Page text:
The bank, however, may not object (and depending on the terms of the loan may not even have the right to object) to someone else making the monthly payments, so refinancing might be unnecessary.
posted by Mr. President Dr. Steve Elvis America at 11:30 PM on July 22, 2007


I just went through a similar thing about two years ago when my father died, also intestate, also with a mortgage, also in California.

Different mortgages specify different requirements and some say that the house has to be owner occupied. With that said, most mortgage companies aren't going to care as long as the check gets there every month.

Probate is, for some reason, extremely complicated (at least it was for me). I think that this person's family should get a lawyer asap; I wish I had done it sooner. I don't know why it would take a few weeks to get a lawyer, when I realized how much it was needed I had one in a day.

While finding a guide to probate might be helpful, I wouldn't think that the average person could handle it without quitting their job and dedicating their life to it. I know your question was about the house and I'm getting to that...

During probate the house is either going to have to be sold or transfered into the name of an heir (we sold ours). The money to pay the lawyer is directly tied to the value of the estate, so unless the deceased has some liquid assets around (approximately 3% of the value of the house) then they are going to have to sell it to pay the lawyer. Another thing to consider is that the lawyer is paid from the value of the house, not the equity of the house. For example if the house is worth $500,000 but there is a $490,000 mortgage on the property, then the lawyer will be paid about $15,000. This would make their gain approximately $0 dollars.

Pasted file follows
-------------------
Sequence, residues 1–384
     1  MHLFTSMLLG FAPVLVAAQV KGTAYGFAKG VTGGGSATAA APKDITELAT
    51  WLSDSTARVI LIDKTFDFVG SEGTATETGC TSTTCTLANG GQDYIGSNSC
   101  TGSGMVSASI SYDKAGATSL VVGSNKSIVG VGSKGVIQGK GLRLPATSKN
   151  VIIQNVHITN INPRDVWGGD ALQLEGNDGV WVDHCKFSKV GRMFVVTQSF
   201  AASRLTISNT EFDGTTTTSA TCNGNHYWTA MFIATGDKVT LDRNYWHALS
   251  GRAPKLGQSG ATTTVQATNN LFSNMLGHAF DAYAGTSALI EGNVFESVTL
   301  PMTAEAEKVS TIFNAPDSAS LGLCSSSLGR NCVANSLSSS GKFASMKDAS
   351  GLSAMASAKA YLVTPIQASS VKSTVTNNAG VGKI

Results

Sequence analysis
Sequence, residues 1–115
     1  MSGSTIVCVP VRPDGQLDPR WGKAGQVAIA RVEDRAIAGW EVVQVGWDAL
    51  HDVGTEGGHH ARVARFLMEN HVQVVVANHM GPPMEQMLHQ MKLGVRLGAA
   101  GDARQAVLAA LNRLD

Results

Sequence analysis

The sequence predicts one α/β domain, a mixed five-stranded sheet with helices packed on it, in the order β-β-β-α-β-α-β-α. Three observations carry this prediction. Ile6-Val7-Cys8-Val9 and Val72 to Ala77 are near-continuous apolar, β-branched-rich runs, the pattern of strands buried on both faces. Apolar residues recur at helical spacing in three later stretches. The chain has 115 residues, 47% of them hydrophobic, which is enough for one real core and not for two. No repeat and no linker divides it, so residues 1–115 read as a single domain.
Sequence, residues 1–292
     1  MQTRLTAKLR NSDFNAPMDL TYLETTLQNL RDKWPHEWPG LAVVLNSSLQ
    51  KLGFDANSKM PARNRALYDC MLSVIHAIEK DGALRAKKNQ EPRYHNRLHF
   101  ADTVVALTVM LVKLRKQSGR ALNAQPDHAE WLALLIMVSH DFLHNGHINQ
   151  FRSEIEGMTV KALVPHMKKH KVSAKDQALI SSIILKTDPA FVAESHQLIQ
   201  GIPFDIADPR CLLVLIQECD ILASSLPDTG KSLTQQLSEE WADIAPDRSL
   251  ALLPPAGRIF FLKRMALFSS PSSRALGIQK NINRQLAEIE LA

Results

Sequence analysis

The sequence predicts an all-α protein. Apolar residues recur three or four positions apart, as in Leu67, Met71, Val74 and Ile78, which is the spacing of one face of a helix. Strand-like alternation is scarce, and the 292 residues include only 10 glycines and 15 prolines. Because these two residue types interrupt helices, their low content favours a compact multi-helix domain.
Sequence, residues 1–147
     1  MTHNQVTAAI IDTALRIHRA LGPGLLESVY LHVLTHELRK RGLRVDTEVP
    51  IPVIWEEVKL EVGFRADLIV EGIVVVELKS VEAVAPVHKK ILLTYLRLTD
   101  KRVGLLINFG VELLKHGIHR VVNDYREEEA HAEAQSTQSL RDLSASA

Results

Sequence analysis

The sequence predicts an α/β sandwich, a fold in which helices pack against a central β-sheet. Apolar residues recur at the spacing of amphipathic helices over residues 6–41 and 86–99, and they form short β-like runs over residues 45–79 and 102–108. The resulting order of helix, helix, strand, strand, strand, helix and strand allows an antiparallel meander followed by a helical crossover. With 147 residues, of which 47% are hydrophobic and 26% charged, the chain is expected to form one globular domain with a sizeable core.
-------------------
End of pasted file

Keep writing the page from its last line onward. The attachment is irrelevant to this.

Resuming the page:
As far as the mortgage goes, the family might be able to get a forbearance from the mortgage company (I hope this isn't through Countywide Mortgage). However someone will likely have to be appointed administrator of the estate before the mortgage company will even talk to them.

The family should also know that if they can't pay the mortgage it should take a few months before the bank can foreclose and you no longer have to worry about what it will do to the credit score of the deceased. Interest and payments will continue to accumulate.

Another thing is that if the house is worth less than is owed, and there are no other assets, and the house cannot be rented out for the price of the mortgage (which is common is CA since the popping of the real estate bubble) then it might be best to wash their hand of the whole thing, and maybe collect some life insurance money, if there was any. It would certainly be a lot easier.

If it isn't obvious- IANAL.